Location: Scottsbluff, Nebraska
Date: December 29th, 1994


On December 29th, 1994, 26-year-old zookeeper Judy McAuliffe was starting out her morning rounds putting out food and cleaning the exhibits at the Riverside Zoo in Scottsbluff, Nebraska. Kelly Jensen, another zookeeper on duty, went to the zebra exhibit while Judy was going to the leopard exhibit.

As Judy was going to clean a leopard's enclosure, she assumed it wasn't there since she knew it was locked up the night before and made an assumption it wasn't present in the enclosure. But it was hiding in fallen tree trunks used in there. As Judy was cleaning, it came and sprang on her, biting her in the neck.

Jensen heard Judy's short scream and rushed from the zebra exhibit to the leopard exhibit. He ran through the lock-up area and saw her unconscious with the leopard near her. He alerted the zoo personnel about the situation.

Paul Price, the zoo's director, heard Jensen's distress call about an emergency situation in the leopard exhibit. He rushed to the scene as an employee called 911.

Jensen was banging on the drain pipe to get the leopard away from the motionless Judy. Then the other zookeeper secured the area and was yelling and banging on the fence to do the same thing. As it finally backed away from her, Price arrived at the scene and took charge as he sealed the cage doors to avoid the leopard from escaping.

"Leopards usually inflict a single bite to the throat, then crush the trachea and kill by suffocation. I knew that she was, if not dead, gravely injured and that we needed to get her out immediately," Price stated.

Price told Jensen to get a shovel and something to shield them with. When Jensen brought over a Rubbermaid trash can lid and a squeegee since there was no shovel nearby, Price told him to keep the squeegee since it wouldn't help him. As they slowly crept to the enclosure to get Judy out of it, the leopard was growling since they are possessive of their prey.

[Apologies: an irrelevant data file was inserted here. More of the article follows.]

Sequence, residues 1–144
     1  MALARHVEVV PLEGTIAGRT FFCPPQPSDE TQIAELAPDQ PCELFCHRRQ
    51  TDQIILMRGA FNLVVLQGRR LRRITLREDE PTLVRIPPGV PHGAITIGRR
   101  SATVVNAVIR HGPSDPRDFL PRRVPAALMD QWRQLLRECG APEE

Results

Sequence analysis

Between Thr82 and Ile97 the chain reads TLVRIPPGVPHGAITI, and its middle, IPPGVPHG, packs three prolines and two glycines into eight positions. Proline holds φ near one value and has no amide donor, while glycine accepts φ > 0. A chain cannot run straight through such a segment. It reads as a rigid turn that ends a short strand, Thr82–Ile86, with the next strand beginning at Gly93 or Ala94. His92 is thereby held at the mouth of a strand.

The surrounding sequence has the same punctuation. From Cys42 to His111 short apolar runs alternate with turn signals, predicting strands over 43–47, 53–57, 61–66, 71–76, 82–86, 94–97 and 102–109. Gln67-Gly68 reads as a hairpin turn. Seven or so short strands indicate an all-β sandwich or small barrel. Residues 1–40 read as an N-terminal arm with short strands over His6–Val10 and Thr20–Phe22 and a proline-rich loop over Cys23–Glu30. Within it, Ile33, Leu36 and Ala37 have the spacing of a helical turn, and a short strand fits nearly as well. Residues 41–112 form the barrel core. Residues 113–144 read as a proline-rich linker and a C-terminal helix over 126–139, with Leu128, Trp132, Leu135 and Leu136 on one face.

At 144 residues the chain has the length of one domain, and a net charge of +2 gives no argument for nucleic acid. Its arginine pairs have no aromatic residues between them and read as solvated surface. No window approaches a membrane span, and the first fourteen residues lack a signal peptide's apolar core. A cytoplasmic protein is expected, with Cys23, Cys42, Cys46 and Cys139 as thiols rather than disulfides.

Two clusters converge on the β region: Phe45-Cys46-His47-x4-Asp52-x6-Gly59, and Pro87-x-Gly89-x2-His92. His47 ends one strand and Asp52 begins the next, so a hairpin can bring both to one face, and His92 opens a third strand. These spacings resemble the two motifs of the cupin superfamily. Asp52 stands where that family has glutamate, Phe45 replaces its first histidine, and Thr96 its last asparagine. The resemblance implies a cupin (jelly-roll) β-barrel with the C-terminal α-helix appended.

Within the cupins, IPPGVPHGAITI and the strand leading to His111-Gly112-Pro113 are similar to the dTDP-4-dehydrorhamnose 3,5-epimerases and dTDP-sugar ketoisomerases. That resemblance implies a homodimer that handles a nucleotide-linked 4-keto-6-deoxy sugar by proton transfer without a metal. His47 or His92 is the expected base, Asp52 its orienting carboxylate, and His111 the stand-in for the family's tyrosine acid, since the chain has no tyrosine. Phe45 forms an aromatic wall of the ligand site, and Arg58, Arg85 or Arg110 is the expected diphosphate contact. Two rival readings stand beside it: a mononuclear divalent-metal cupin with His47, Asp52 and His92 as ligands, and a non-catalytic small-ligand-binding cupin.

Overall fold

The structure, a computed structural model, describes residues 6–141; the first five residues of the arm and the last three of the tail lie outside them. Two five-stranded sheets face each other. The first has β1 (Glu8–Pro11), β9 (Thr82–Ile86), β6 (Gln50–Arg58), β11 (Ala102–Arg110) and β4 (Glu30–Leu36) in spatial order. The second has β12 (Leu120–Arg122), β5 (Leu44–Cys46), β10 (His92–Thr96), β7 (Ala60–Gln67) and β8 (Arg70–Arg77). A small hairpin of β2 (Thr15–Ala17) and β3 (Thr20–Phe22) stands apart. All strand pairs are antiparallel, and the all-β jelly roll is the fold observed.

Price slowly crept up to Judy as he held up the lid to keep the leopard away from him. As it backed up, despite it growls, Price grabbed Judy and slowly pulled her out of the enclosure. Once he and Jensen got her out, Price went to check on her as Jensen closed the gate and locked it. She had four big puncture wounds on her neck and he thought she was dead.

The zoo's veterinarian and a curator came to help Judy. Her color was greyish and she was gasping for air. Once she exhaled, blood started to come out of the wounds on her neck, as well as her mouth and nose.

Within five minutes of the 911 call, paramedic Dan Nation and his partner, John D. Schmidt, arrived. Once they treated Judy, the medics knew that she had an airway problem due to the attack. The rescuers were concerned that her lack of oxygen can cause long-term damage or brain death and if she had a neck fracture or not.

Price went with them to the ambulance since Judy's parents live in California and she has no realitives in Scottsbluff. "That's my burden. I'm responsible for that person." he sadly stated.

Judy was taken to Regional West Medical Center, where she was examied by ENT specialist Dr. James Massey. He found that she was in severe danger due to the fact that she has been leaking air from the injury to her larnyx and it continued to compress her lungs. She wouldn't have had the ability to breathe if that had been going much longer.

Later, a CAT scan revealed that two of Judy's main arteries that supplied the brain were clotted and no longer provided blood to there. They made a large incision in her neck to expore the arteries to make sure that they wouldn't rupture. Then she underwent reconstructive surgery for her larnyx and trachea.

After receiving Price's call from the hospital, Judy's parents, William and Michaela McAuliffe, flew to Scottsbluff to be with her.

Remarkably, Judy made a quick recovery and went back to work in two weeks. Although she doesn't remember what happened, she doesn't think of it. Even when she looks at the leopard, she holds no emotional hangs-up about it. But she is much more careful then she was before the incident.

Michaela praises the doctors, the rescue workers, and Price for saving Judy's life. Judy states, "I really enjoy the chimpanzees. I've been working with them for almost four years now and I think of them as hair people. I love being a zookeeper. I couldn't be anything else."